Clear Springs Tabernacle

The Clear Springs Tabernacle is an unenclosed brace-framed structure constructed in Clark County in 1887 to house religious services. It was added to the National Register of Historic Places on February 13, 1992.

The first settlers to the area arrived in 1840 when the Meeks family established a farm in the area known as Clear Spring (also called Clear Springs). It is located about four miles east of Antoine (Pike County). The settlement grew slowly, and a post office operated in the area from 1856 until 1911. A school also served the area from the late nineteenth century until it consolidated in 1930 with Okolona (Clark County). Never very large, the community also supported a store and several churches.

The area attracted a number of Christian denominations. The first recorded usage of the area where the tabernacle would be constructed was in 1872 when a group of Christians (Disciples of Christ) met on the land. Other events were held sporadically for the next fifteen years. The land was purchased by the congregation from D. M. Hammonds in 1886. The forty acres were designated to serve as a campground. The Disciples of Christ congregation placed several limitations on the use of the facility, including prohibiting any use or sale of liquor on the land. The group also agreed to let any congregation use the land, with the exception of Mormons and groups that counted African Americans among their members.

The board of trustees of the site selected a design for the building in the winter of 1886–1887 and established a building committee to raise the $500 necessary to begin construction. A local carpenter named Miles Kelly supervised the work, but members of the church provided some materials. The contract was given on June 4, 1887, and the first meeting in the structure was held on August 13.

The tabernacle itself is a single-story shelter designed in the Plain Traditional style. The northern and southern sides of the structure include ten bays constructed from square wooden posts that rest on either concrete blocks or flat stones. The posts are braced to give the structure added stability. The east side of the structure includes five bays. The center bay is narrower than the bays on either side and is about as wide as a typical doorway. The building is designed for the speaker to stand at the eastern end of the building on a low platform. The bays at that end of the building are covered in wooden planks to shield the worshippers’ eyes from early morning sun.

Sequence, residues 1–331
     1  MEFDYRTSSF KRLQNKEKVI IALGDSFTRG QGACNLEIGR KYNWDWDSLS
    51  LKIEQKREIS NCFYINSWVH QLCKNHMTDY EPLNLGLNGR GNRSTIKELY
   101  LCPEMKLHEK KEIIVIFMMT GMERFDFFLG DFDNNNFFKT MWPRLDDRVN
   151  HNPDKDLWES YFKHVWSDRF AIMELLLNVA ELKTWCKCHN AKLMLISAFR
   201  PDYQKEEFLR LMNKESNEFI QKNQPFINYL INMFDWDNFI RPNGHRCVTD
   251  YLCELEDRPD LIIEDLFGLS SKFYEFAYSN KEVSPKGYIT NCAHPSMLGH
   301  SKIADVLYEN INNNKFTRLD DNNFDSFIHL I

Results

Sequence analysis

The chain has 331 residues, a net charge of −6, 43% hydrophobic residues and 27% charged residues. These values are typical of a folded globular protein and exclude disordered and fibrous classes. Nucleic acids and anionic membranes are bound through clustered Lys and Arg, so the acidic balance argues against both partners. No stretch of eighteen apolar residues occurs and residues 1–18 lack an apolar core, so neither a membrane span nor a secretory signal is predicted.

The building is topped with a hipped metal roof. Most of the rafters are exposed over the worshippers’ heads, but the ceiling area above the platform where the worship leader stands is covered in boards. The exterior posts have been replaced over time as needed, but the structural and historical integrity of the building remains intact.

The surrounding campground includes at least eight springs. The tabernacle, which is still available for use even though the Disciples of Christ congregation disbanded, is the only surviving structure on the property.

For additional information:
“Clear Springs Tabernacle.” National Register for Historic Places registration form. On file at Arkansas Historic Preservation Office, Little Rock, Arkansas. Online at http://www.arkansaspreservation.com/National-Register-Listings/PDF/CL0902.nr.pdf (accessed May 8, 2018).

Richter, Wendy, et al. Clark County Arkansas: Past and Present. Arkadelphia, AR: Clark County Historical Association, 1992.

David Sesser
Henderson State University

Last Updated: 05/08/2018